Actually, something happened on the way back from Australia. I stopped in Kuala Lumpur, Malaysia, for three days. Well, that's not the case in Malaysia. Westerners are recognized to be from the West and to be tourists. Kuala Lumpur is full of street vendors trying to sell tourists tacky items. Everyone wanted to sell me something, and the sudden interruptions for useless trinkets and fake roses were annoying. The atmosphere there quickly made me angry and annoyed, and I couldn't take it. But to be honest, I wasn't at all ready. No effort was made to learn about Malaysia or read anything about it. I thought the pre-booked hotel would be fine, but I didn't feel good there. I finally concluded that Asia wasn't the right place for me. Asia was the first and biggest culture shock for me. Because of this, I didn't go to Asia for a long time. When I went to Australia or New Zealand, I sometimes had layovers in Asia, but I kept them to a minimum and usually didn't leave the airport.
After the experience of that stopover, I realized I felt so relieved to be able to walk around freely in Australia. Because as long as you are quiet and keep yourself to yourself, the Australians don't recognize you as a tourist. Australia is a colorful mixture of nationalities, mainly from many European countries. As a result, if any European shows up there and the Australians don't recognize you because of your accent, they assume you're Australian.
Since 1988, I've tried to escape the German winter almost every year and held on to my dream of living in Queensland. I've been looking for a place that matches my dream. But everything changed for me in 2016 when I got that message from my friend Kirstin that I've talked about before. Kirsten told me about a workation in Bali and suggested I travel there. Even though I had a lot going on and the deadline was only two weeks from the day I got her message, this idea struck a chord with me. I had to do it because I knew I would regret it if I didn't. While in Bali, I almost forgot about my dream of living in Australia. It lasted three weeks, and I had to go home when it was over. At that moment, I realized how much I loved it. I didn't want to leave. The atmosphere, vibe, and environment were just like my dream. It matched every part of my dream, or at least it had the potential to, from living in a wooden house to making money in a hammock between two palm trees. In the end, Bali was my dream and met my emotional needs. And that's why I remembered that dream when I was there. After 27 years and 27 winters, I finally found my dream place!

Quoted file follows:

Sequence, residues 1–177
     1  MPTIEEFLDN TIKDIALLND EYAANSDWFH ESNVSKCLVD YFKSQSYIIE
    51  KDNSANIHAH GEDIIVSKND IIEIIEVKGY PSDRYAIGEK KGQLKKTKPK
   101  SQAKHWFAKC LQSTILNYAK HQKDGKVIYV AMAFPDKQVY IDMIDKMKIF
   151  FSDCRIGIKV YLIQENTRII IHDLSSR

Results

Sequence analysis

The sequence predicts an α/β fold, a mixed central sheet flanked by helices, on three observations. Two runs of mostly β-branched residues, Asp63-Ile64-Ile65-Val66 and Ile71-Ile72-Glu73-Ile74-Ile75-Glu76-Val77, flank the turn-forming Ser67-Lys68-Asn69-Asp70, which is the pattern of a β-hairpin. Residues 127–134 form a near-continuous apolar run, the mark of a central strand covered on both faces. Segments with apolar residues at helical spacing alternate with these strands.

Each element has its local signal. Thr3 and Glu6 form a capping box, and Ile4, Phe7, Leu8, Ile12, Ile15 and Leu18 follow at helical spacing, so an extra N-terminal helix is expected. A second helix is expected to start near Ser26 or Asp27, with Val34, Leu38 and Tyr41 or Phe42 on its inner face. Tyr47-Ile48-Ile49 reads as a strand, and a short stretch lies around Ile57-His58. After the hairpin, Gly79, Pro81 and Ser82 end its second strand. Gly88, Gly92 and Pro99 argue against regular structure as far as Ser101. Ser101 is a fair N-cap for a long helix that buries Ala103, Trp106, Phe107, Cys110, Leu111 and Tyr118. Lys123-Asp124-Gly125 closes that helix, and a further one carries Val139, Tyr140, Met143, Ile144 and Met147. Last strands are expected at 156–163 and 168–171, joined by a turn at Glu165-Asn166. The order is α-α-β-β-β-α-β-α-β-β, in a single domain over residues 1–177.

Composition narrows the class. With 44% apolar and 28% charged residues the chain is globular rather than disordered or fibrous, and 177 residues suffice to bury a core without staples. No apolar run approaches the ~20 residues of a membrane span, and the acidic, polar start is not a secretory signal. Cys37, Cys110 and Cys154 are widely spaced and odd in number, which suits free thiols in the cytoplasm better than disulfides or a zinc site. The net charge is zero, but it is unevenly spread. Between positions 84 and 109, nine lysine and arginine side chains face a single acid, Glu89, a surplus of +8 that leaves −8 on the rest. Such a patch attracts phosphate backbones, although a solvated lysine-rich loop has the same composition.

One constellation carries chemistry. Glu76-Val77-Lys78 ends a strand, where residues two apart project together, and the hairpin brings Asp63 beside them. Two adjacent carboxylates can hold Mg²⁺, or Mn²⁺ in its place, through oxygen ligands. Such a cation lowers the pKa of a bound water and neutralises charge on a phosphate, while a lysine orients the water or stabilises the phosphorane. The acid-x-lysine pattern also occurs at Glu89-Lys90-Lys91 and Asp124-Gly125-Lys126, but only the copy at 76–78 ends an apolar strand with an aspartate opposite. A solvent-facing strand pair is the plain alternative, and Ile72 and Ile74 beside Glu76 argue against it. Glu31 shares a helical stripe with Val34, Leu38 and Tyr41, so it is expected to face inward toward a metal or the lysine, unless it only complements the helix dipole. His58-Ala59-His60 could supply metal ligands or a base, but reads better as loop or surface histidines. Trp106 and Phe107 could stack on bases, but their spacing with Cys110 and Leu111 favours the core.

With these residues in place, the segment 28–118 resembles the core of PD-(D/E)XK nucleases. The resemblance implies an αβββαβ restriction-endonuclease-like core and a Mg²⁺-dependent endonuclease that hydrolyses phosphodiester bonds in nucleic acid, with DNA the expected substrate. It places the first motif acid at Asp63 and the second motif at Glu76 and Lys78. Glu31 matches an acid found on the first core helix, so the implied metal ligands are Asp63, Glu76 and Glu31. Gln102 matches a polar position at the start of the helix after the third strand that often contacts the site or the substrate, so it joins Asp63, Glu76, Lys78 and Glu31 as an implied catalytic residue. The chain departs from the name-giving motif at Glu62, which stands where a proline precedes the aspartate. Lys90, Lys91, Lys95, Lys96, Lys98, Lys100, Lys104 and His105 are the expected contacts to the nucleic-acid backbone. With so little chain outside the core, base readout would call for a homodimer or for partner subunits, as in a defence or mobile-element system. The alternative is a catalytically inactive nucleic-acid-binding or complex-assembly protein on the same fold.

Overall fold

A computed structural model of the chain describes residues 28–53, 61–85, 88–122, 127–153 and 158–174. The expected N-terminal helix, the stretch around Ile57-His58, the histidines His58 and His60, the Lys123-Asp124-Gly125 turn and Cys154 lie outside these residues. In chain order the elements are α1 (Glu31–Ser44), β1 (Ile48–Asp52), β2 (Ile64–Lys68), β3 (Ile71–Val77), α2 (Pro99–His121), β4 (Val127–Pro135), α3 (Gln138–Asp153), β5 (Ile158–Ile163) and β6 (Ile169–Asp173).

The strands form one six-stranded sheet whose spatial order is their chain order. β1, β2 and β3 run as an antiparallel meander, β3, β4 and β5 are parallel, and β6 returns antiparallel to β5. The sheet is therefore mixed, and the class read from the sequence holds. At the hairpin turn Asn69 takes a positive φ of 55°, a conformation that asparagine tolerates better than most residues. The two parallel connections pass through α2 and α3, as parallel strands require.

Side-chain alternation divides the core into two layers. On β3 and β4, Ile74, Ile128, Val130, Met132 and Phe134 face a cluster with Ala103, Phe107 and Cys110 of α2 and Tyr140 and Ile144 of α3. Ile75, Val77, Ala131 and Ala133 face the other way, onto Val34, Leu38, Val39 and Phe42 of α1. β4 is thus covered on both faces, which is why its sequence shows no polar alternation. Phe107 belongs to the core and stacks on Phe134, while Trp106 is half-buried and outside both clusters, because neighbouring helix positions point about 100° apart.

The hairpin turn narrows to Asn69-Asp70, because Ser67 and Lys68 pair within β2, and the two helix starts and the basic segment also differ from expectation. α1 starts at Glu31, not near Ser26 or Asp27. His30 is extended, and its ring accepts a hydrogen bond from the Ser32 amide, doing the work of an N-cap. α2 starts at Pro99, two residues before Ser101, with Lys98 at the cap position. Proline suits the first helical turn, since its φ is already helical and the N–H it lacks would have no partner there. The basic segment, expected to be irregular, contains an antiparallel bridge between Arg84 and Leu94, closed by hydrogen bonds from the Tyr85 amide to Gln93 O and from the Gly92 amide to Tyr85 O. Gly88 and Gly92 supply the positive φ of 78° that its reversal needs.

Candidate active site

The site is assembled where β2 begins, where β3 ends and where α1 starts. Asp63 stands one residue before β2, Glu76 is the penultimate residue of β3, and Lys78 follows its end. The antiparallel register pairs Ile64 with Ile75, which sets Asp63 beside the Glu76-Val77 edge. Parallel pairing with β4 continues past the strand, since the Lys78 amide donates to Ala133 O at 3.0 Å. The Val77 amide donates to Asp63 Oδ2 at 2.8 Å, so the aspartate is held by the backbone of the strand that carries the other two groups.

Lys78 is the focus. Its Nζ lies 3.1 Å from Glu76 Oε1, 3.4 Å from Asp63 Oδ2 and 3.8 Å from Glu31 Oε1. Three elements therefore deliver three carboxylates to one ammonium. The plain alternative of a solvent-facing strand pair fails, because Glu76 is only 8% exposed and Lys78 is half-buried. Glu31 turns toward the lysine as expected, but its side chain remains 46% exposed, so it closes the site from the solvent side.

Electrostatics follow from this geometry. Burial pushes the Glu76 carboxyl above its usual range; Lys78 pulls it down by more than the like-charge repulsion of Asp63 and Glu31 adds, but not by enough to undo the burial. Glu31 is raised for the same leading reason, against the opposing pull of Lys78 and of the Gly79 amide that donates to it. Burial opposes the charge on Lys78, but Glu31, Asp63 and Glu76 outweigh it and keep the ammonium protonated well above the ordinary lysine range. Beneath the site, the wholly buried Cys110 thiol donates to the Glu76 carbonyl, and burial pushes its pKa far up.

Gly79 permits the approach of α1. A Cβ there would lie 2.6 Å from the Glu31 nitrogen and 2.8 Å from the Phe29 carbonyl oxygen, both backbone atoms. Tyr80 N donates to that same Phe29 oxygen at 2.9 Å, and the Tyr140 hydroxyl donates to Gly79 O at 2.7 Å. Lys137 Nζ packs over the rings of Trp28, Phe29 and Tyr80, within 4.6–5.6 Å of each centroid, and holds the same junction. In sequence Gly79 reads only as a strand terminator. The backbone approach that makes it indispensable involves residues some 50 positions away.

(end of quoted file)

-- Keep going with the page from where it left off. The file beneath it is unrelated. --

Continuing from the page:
The funniest thing about this story is that the accommodation we stayed at in Bali was called "Villa Mimpi Manis." Mimpi Manis means "Sweet Dream!" in English. So, thank you, Bali, for giving me that special sign. Thank you for fulfilling my dream of
Living Abundantly In Paradise
and finally guiding me to my destiny!